Research showed that family-based intervention is an effective way to increase the positive results from treatments of children with SAD (Barrett et al., 1996; Ginsburg et al., 1995). When parents’ behaviour is considered a risk factor for their children’s SAD, the most effective alternative for supporting children with SAD is to train their parents (Garcial-Lopez et al., 2014). Parents might not be aware of the consequences of their behaviours, or they might not have sufficient knowledge or experience of identifying and implementing an effective strategy to support their children with SAD. Therefore, parents need either different types of resources, such as media, websites, blogs, books, or implementing a collaborative relationship with teachers to increase their knowledge about how to support their children with SAD.

Brendel and Maynard (2014) illustrated that parent-child interventions seem to be more effective than implementing interventions for only children. In other words, integrating parents into child therapy is considered as a means to generalize interventions to the home environment and for both the children and the parents to learn and practice better methods to cope with children’s SAD.

 

Parents’ Behaviour

The parent-child relationship may be a primarily important context for the development and health of children. Parents are thought to participate in behaviours that influence children’s social and emotional regulation skills, self-efficacy, self-determination, and mastery, which in turn may contribute to children’s SAD. Morris and Oosterhoff (2016) conducted a subjective study based on an observation of different families with different educational levels to identify the relationship between parents’ behavior and children’s Social Anxiety. Morris and Oosterhoff stated two main purposes for their study. The first aim was to comprehensively examine whether specific types of mothers’ and fathers’ rejecting or controlling behavior were associated with child social anxiety. The second aim was to explore whether the association among observed mothers’ and fathers’ rejecting and controlling behaviors and children’s Social Anxiety varied by the gender of the child.

Examining specific parenting behaviors that are linked with children’s internalizing symptoms may help parents further elucidate how parent-child interactions contribute to the development of child anxiety and depression. The article by Morris and Oosterhoff hypothesized that mothers’ and fathers’ specific parenting behaviors are associated with children’s Social Anxiety. Parenting styles are thought to play an important role in the development of important life skills and competencies necessary for healthy emotional adjustment and wellbeing throughout one’s life. Morris and Oosterhoff used semi-structured interviews and observed parent-child interaction tasks. This method allowed Morris and Oosterhoff to observe a diverse range of behaviors, including the possibility for supportive or critical communication between family members. The participants were a sample of 90 children who had two-parent’s family and whose fathers and mothers were biological parents. The study of Morris and Oosterhoff illustrated that mothers’ and fathers’ verbal and nonverbal control and rejection behaviors were associated with child anxiety, and these associations differed between the boys and girls. Mothers’ and fathers’ behaviors, such as rejection and control played an important role in children’s social anxiety. Identifying parents’ behavior as a risk factor for SAD in children is an opportunity to support children with SAD with effective interventions and training for both parents and children. Parents’ rejection or controlling behaviors play different roles in various family environments. As anxiety and depression are among the most common forms of psychopathology and might have developmental roots in late childhood, the findings from Morris and Oosterhoff’s article suggested that specific mothers’ and fathers’ parenting behaviors are associated with children’s social anxiety.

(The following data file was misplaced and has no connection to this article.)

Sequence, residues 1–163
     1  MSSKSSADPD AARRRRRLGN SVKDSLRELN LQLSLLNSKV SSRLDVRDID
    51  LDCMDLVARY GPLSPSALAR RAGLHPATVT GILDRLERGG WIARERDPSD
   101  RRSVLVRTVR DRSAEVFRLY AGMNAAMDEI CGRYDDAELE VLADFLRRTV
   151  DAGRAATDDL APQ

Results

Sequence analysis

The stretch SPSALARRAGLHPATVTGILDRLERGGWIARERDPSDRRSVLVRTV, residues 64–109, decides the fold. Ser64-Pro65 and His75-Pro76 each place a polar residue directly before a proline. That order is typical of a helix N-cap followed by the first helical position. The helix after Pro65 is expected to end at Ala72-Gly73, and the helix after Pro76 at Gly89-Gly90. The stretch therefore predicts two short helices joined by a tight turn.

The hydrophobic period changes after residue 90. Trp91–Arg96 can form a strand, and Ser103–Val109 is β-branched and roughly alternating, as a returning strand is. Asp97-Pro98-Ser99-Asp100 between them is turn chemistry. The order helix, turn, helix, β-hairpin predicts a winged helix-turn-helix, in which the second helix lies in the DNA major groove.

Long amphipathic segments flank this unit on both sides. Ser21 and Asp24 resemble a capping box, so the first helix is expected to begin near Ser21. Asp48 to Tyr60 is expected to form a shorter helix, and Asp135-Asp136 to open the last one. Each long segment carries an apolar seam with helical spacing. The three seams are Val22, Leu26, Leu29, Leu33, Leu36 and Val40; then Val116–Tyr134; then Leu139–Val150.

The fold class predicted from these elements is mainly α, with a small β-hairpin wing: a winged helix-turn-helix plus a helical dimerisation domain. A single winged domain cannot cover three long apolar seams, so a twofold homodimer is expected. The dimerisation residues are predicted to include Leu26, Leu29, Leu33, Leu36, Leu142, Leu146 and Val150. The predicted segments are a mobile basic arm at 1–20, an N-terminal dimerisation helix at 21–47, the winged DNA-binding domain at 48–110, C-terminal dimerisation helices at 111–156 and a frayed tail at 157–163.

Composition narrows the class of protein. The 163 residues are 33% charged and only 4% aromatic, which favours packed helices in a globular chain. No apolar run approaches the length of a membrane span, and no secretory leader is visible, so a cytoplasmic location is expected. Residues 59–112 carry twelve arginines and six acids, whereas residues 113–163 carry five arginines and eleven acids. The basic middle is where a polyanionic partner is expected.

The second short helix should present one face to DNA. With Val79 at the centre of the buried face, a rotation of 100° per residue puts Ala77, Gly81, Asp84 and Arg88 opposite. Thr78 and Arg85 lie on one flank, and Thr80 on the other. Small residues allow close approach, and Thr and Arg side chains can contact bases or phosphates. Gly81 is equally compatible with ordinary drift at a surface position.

Interventions for Social Anxiety Disorders

Medication: Medication

according to Fader (2018), if your anxiety stops you from normal functioning during the day, your doctor may prescribe you anti-anxiety medications. When you can’t take care of your basic needs, like going to work, or interacting with other people, medications for anxiety can be a help to everyday functioning. There are many different medications for social anxiety. However, certain ones are considered the most common medications for social anxiety. Preferred social anxiety medication options include:

  • Luvox CR
  • Paxil
  • Inderal
  • Zoloft
  • Effexor XR
  • Sertraline

Psycho-Therapy: Psycho- therapy

According to McEvoy et al. (2017), Negative, distorted self-images are the important features of social anxiety disorder, and working with imagery can make cognitive-behavioral therapy (CBT) more effective for those who struggle with social anxiety. CBT focuses on beliefs and attitudes that are related to a person’s behaviour and emotional problems. CBT can fine unhealthy beliefs and behaviours in people with social anxiety by applying strategies and interventions and helps developing alternative positive attitudes.

Strategies

https://education.jhu.edu/2018/03/strong-curricula-an-intervention-that-works/

Now there is a question. Why early intervention is so important?